Posts Tagged ‘Dick Whittington’

 

Plaque marking the site of Whittington’s House in College Hill

Sir Richard Whittington (1354-1423) was a merchant and Politician. He was a 4-time Lord Mayor of London, a Member of Parliament and Sheriff of London. In his life, he sought to improve conditions for those living in London, financing drainage projects and hospital wards. Whittington also provided finance for a 128 seater public toilet on the banks of the Thames known as Whittington’s Longhouse. His bequest was used to rebuild Newgate Prison, build the Guildhall Library and carry out repairs to St Bartholomew’s Hospital. The remainder was used to found a charity which is still in operation today.

By Alex Hogg and Co, after Guillaume Philippe Benoist – From “History of the Memorable Sir Richard Whittington”, in The New Wonderful Museum, and Extraordinary Magazine[2], volume vol. 3, Alex. Hogg & Co., 1805, page 1420 OCLC:43172669., Public Domain, https://commons.wikimedia.org/w/index.php?curid=1082839

Sir Richard Whittington’s House in 1803. This file is from the Mechanical Curator collection, released to Flickr Commons by the British Library. Public Domain, https://commons.wikimedia.org/w/index.php?curid=32463321

 

He was also the basis for the folk-tale Dick Whittington, who came to London to find his fortune. The real Whittington was born in Gloucestershire and being a younger son was sent to London to learn his trade as a Mercer. He became very successful and amassed a large fortune which enabled him to lend money to the King. But this is about as far as the folk-tale and the real story compare. Pictures of him with a cat come from much later periods.

He is buried in St Michael Paternoster Royal in the city (see https://petesfavouritethings.blog/2017/01/17/london-churches-st-michael-paternoster-royal/. )

 

Plaque on the wall of St Michael Paternoster Royal

 

St Michael Paternoster Royal. Photo by Julien Walker (https://www.flickr.com/photos/wirewiping/)

St Michael Paternoster Royal. Photo by Julien Walker (https://www.flickr.com/photos/wirewiping/)

The first recorded church on this site is in the 13th century. This was presumably destroyed during the great Fire of London and Sir Christopher Wren built a new church between the years 1686 to 1694.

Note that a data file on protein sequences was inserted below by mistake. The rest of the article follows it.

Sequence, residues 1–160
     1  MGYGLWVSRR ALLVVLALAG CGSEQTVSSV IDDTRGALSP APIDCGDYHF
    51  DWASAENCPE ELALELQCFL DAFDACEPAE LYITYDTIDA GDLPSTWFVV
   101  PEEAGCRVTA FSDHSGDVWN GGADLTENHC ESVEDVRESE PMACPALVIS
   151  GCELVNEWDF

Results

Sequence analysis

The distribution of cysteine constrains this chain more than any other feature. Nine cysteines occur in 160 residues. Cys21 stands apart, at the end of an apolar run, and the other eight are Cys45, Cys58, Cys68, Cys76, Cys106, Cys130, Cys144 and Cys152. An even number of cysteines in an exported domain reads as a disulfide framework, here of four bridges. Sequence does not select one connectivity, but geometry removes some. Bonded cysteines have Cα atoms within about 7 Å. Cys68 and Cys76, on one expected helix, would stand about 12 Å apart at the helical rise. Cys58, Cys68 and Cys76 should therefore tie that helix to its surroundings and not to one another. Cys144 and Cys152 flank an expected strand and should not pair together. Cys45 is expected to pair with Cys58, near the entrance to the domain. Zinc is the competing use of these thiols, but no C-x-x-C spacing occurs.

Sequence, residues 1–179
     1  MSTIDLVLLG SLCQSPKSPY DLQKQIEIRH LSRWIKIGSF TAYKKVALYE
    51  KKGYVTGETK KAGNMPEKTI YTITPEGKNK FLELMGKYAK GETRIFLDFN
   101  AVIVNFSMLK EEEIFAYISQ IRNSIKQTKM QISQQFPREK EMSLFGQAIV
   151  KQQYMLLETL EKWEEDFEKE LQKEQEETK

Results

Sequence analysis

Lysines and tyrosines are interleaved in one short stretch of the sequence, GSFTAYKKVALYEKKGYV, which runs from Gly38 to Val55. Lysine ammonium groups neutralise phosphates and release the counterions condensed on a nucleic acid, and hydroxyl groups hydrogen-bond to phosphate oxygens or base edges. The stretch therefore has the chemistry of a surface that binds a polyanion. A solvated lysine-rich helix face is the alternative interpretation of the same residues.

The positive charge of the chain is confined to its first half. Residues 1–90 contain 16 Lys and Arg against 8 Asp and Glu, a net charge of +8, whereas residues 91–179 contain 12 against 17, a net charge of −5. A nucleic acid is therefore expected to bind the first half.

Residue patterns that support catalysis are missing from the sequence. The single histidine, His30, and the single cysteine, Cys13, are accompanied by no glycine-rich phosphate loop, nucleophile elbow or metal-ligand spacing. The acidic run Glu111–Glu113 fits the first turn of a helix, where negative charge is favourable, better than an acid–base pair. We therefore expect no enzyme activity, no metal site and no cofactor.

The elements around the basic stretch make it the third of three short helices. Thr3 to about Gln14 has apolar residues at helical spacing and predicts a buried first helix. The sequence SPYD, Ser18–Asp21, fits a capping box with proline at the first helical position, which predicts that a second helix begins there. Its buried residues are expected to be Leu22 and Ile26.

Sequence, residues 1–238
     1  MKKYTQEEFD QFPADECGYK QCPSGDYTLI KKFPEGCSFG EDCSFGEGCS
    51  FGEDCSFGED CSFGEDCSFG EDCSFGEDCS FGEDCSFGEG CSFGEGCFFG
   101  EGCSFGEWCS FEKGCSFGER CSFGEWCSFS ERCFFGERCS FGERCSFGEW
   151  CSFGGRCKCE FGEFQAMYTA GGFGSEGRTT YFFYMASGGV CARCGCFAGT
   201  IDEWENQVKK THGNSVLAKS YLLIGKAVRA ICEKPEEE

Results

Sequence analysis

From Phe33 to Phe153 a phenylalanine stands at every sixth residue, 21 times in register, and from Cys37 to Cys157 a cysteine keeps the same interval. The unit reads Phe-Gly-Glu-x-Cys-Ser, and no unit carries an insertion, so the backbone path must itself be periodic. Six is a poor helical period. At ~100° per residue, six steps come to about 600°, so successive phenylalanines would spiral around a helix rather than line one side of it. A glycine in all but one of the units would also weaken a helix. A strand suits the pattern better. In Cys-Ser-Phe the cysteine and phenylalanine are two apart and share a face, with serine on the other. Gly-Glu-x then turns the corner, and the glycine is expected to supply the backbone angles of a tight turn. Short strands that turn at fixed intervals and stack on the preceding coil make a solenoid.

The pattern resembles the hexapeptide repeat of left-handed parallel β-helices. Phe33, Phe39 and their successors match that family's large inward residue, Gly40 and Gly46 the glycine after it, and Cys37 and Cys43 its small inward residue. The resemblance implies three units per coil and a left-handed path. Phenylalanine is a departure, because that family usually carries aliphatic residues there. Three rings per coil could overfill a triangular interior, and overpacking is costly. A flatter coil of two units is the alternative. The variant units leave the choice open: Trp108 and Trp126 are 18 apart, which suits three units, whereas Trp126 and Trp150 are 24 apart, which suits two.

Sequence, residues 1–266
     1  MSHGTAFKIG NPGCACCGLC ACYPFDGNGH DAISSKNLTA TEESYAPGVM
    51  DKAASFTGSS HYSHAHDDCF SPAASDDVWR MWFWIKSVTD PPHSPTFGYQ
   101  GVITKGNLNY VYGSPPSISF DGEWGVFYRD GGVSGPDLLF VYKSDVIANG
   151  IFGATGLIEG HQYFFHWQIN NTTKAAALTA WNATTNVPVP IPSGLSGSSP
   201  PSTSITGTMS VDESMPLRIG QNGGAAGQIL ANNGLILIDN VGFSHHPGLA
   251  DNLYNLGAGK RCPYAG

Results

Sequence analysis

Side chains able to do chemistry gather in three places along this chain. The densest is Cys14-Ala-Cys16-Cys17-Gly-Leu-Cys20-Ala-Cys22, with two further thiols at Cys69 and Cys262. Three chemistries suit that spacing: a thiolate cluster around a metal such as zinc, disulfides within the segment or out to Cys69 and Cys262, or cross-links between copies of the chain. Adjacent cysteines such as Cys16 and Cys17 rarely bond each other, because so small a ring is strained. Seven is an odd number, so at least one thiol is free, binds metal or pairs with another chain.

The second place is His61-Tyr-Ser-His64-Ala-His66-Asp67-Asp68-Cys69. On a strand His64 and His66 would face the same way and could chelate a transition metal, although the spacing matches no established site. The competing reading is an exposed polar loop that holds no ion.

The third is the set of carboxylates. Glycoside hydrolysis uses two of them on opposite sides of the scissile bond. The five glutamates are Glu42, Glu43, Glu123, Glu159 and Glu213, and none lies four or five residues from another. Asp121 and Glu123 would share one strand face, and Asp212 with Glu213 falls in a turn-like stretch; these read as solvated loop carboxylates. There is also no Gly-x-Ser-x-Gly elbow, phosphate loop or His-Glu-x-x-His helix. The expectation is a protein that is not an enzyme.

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The name Paternoster Royal is most likely derived from a maker of Rosaries (Paternoster) and the region of La Reole in Bordeaux, from where wines arrived at a nearby wharf.

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It is sometimes known as the Whittington church, as Dick Whittington, four times Lord Mayor of London, lived nearby and was buried in the medieval church. A modern memorial window to him can be found in the church.

The Dick Whittington Memorial Window

The Dick Whittington Memorial Window

The interior was restored following damage during World War II and has some fine modern stained glass windows. The church now serves as the headquarters of  The Mission to Seafarers.

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St Mary Le Bow from Cheapside

St Mary Le Bow from Cheapside

There is some evidence that the church may have existed on this side since Anglo-Saxon times. However, it is certain that a Norman church was built here around 1080  and served as the London headquarters of the Archbishop of Canterbury.

West Door

West Door

 

 

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The original church was rebuilt after it was badly damaged by the London tornado of 1091 and finally succumbed to the great Fire of London in 1666.

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It was rebuilt by Sir Christopher Wren after the fire and this church survived until 1941 when it was almost totally destroyed during the bombing of London. Rebuilding did not commence until 1956  and the church was finally reopened in 1964. As a result, it is home to some very fine modern stained-glass windows.

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It is the home of Bow Bells and it is said that the mediaeval bells  could be heard as far away as Hackney marshes and legend has it that it was the bells of St Mary le Bow that Dick Whittington heard as he was leaving the city which called him to turn around and seek his fortune again there.